• Rotherham – Top author is coming to Rotherham – Guardian series. “Internationally renowned author Stephen May will be visiting Rotherham’s Library at the Riverside this month to discuss his latest award-nominated novel. The author will be making his first trip to Rotherham’s new library space on 17th January at 6.30pm to talk about his new book Life! Death! Prizes! which has recently been shortlisted for the prestigious Costa Book Award. Tickets for the event are available from the library priced at £2 for library members or £2.50 for non-members, which includes a cup of tea or coffee”
  • Scottish Borders – Libraries temporary closure – Southern Reporter. “This is part of a wider project to integrate libraries and contact centre facilities in six towns, as agreed by Scottish Borders Council in December 2011.”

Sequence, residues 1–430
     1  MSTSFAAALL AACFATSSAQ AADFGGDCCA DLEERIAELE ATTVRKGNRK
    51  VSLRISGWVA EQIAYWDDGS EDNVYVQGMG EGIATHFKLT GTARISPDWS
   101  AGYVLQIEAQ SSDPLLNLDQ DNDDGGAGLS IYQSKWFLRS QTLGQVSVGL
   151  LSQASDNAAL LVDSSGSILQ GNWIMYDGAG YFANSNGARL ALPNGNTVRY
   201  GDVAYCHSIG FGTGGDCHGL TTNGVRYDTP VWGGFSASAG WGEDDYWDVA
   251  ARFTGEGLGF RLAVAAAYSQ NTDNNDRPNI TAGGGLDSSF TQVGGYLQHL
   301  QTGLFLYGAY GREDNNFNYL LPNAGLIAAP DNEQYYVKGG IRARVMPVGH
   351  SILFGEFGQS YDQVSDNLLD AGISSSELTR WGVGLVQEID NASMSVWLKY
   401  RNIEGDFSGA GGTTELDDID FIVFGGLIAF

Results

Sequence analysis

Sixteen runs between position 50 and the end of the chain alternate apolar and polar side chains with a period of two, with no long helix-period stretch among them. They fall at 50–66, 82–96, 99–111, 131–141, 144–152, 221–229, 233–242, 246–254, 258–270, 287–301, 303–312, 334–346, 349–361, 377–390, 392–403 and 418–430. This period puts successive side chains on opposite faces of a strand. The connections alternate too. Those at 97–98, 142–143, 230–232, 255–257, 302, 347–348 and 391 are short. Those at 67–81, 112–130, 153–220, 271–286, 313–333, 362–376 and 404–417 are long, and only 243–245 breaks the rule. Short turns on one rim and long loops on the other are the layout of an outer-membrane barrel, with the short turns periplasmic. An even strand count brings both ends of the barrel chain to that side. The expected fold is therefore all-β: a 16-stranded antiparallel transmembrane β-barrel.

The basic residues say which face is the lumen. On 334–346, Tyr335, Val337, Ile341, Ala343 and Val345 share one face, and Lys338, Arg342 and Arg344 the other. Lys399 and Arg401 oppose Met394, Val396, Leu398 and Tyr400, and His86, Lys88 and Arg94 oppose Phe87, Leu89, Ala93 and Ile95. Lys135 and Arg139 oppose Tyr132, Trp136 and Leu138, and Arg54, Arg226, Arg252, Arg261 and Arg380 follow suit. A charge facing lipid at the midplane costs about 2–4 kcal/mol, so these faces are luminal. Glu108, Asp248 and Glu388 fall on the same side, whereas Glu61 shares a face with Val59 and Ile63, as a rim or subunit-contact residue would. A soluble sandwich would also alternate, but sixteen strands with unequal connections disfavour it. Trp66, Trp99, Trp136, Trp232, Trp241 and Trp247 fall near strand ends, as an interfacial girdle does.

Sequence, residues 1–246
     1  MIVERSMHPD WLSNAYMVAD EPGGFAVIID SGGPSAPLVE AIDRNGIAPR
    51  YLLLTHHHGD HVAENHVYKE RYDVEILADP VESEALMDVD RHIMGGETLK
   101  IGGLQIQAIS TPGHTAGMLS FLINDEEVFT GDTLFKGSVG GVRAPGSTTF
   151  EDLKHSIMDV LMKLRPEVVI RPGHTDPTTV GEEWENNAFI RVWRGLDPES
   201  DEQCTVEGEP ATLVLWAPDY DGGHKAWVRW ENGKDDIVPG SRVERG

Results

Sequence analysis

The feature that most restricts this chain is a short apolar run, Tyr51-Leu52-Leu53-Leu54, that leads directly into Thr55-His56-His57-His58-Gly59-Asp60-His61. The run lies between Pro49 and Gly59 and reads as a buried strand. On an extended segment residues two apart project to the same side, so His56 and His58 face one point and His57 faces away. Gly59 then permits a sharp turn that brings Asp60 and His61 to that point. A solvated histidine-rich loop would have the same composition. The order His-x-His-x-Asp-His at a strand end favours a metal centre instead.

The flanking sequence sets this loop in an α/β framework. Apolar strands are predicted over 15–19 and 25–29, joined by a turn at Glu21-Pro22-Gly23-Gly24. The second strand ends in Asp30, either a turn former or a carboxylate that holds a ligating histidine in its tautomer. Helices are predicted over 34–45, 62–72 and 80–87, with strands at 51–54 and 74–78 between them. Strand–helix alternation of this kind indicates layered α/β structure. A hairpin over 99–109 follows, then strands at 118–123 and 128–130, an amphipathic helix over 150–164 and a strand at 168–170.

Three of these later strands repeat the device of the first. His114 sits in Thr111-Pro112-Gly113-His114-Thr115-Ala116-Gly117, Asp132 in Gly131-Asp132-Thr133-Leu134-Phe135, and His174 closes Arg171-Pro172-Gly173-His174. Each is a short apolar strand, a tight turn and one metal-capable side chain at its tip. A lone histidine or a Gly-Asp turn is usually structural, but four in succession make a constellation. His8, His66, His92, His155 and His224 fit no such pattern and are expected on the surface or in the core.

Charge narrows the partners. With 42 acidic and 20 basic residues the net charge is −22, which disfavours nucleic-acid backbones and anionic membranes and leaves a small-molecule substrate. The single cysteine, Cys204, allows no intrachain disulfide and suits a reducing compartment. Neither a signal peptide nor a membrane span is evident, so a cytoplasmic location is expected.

• Sefton – Councillor urges Crosby library users to have their say on Carnegie closure – Crosby Herald. “With only days of the consultation process left, campaigners urged people to make their views clear to the council, which is looking to close libraries to plug a £43.7m budget black hole.” … “As well as the Carnegie, libraries in Aintree, Southport, Orrell and Litherland would also close, should the plans be given the green light.”
  • Stockton – Residents consulted over library services in Stockton – Darlington and Stockton Times. “We know that the Borough’s Library Service is well-liked and well-used – with more than a million visitors last year but the first consultation showed us some libraries are more well used and more efficient than others”